Enter Last Name: <input type="text" value={lastName} onChange={(e) => setLastName(e.target.value)} />
	  </div>
	  <div>
		First Name: {firstName} &nbsp;&nbsp;&nbsp;
		Last Name: {lastName}
	  </div>
	</div>
);

In this code I am setting up two input fields for first name and last name. Also, the values will be displayed on the next div block. Whenever we change any input field, the whole section will be re-rendered. Although we do not want to render last name input field and display field but that’s absolutely fine. We should not over optimize performance. Check out this code demo –

This demo shows how much time it is taking to render the section. In my case it was taking 32.72 Milliseconds.

Let’s over optimize this code and check the performance.

const [firstName, setFirstName] = useState('');
const [lastName, setLastName] = useState('');

const FirstName = React.memo(({firstName}) => {
	return (
	  <div style={{marginBottom:'10px'}}>
		First Name: {firstName}
	  </div>
	)
})

const LastName = React.memo(({lastName}) => {
	return (
	  <div style={{marginBottom:'10px'}}>
		Last Name: {lastName}
	  </div>
	)
})

return (
	<div>
	  <div>
	    Enter First Name: <input type="text" value={firstName} onChange={(e) => setFirstName(e.target.value)} />{&nbsp;&nbsp;&nbsp;}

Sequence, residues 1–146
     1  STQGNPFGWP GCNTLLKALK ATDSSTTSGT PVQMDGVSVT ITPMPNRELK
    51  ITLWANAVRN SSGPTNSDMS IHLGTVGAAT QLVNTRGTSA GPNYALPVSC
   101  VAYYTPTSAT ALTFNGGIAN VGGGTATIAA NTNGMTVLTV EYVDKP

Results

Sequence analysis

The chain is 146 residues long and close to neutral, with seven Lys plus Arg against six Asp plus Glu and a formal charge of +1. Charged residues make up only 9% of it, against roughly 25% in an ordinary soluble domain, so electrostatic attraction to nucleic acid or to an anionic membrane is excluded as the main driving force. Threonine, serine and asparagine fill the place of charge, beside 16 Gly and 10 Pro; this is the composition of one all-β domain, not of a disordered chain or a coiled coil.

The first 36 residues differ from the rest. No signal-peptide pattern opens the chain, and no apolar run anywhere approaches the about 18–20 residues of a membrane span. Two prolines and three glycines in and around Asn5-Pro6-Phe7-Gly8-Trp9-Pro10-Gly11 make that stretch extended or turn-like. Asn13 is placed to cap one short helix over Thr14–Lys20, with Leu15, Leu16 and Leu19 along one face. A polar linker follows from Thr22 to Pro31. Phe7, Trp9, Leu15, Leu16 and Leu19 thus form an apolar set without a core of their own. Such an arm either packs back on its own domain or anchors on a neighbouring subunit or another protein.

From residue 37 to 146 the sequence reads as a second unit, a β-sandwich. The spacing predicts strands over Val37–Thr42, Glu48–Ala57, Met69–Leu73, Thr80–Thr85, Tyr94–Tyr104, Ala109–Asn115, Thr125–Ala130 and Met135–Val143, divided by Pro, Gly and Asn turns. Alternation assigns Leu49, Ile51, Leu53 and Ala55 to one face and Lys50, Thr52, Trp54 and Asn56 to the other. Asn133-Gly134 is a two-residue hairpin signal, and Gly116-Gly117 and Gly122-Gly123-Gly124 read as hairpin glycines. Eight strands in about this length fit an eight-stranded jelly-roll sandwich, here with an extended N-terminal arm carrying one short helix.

Enter Last Name: <input type="text" value={lastName} onChange={(e) => setLastName(e.target.value)} />
	  </div>
	  <div>
		<FirstName firstName={firstName} />
		<LastName lastName={lastName} />
	  </div>
	</div>
);

I have separated the display labels into individual components and memoize them using memo function. In this case the labels won’t re-render unless you change them using their respective input fields. Let’s check the time taken in demo –

In my case it is taking 37.7 milliseconds. It’s essentially the same time which it was taking before memoization.

useMemo and memo are two different things. Former is a hook and latter is a function. useMemo is used to memoize computations while memo wraps over the component to decide whether to re-render or not.

Where useMemo can optimize performance?

When computations are heavy and we are worried more about it than re-rendering. Look at this code –

Warning: It’s a computation heavy code so use it with caution.

  const [firstName, setFirstName] = React.useState('');
  const [lastName, setLastName] = React.useState('');
  const [num, setNum] = React.useState(50000000);

  const heavyNumber = (num) => {
    let heavyNum = 0;
    for(let i=0; i<num; i++){
      heavyNum += num;